By David Hunter
Terni > Prati Di Tivo 148.2km
The race returns to Prati di Tivo.
This is the day that will shape the GC battle, but it won’t necessarily decide it. Nothing much will happen before the big climb; the rest of the stage is instantly unforgettable.
14.4km at 6.9% is a tough climb. The early slopes are steep, already we’ll see lots of riders getting dropped. The mountain is perfect for a team with a strong mountain train to set a fierce pace which will blow out all the domestiques, before the team leaders start to launch attacks. You all know who I’m talking about, it’s those Ineos boys. Last time we were here it was 2013 and a certain Chris Froome beat the likes of Nibali, Contador and a doped to the eyeballs Santambrogio. It is a great climb for a strong team to dictate, I don’t even think another team will try to challenge Ineos.
Quite a nice day for the bunch with sun, but it won’t be very warm at the top of the mountain. There will be a headwind on the climb, but only about 5km/h, nothing that the riders will actually feel.
With Ineos on the hunt for a stage win I don’t think the morning break has a hope in hell.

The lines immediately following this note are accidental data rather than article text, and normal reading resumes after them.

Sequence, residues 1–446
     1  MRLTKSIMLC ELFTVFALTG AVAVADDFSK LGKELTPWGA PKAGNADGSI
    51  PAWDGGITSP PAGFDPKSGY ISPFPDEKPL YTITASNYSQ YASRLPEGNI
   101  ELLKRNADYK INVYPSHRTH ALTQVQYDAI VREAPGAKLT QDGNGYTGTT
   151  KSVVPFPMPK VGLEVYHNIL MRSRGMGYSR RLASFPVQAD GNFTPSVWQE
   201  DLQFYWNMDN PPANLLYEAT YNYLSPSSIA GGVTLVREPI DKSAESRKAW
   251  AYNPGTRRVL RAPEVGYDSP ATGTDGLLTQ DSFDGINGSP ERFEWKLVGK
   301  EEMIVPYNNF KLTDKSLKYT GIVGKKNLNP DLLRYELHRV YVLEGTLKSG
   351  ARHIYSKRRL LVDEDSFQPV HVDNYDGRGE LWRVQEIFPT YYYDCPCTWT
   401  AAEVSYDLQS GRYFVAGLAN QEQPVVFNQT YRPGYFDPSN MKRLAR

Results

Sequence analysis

Ineos have a ridiculously strong team for this race. They have Ganna and Puccio to ride on the front all day ensuring the break doesn’t get a big lead, then they have Castroviejo and Kwiatkowski for the opening half of the climb, which still leaves them Sivakov, Thomas and Bernal. The first objective will be to make the climb very hard for Van Aert and Alaphilippe, and that’s before the attacks start to fly. Not only do they have to put time into those two, but they also have a certain Tadej Pogačar to worry about. When the group is significantly reduced in number I think we’ll see Ineos start to attack, forcing team leaders into covering moves. Once this has happened it will be over to Egan Bernal to go thermo nuclear. He needs time on most leaders before the TT, this is his big chance to stake his claim for the trident trophy. We’ll have to see if anyone can follow him.
Egan Bernal – he started 2021 with many questions surrounding his fitness and form, which led to people like me wondering if we’d ever see him back to his brilliant best. We didn’t need to worry, his start to the year has been sensational. He was very impressive in Provence; he could have won that race if he wanted to. He then headed to Italy where he looked great in Laigueglia on his way to second place, before he surprised everyone with a sensational ride in Strade Bianche. Bernal has his mojo back; everyone should be worried. Remember, we’re talking about a rider who has the potential to be one of the best climbers this sport has ever seen. What I’ve noticed is that he seems to be enjoying himself, not simply riding to try and win races. This new approach is getting the best out of him and I think he starts this stage as the favourite, despite the presence of the Tour de France winner. He’ll also be a little annoyed after losing 18 seconds today due to a crash just outside the 3km to go.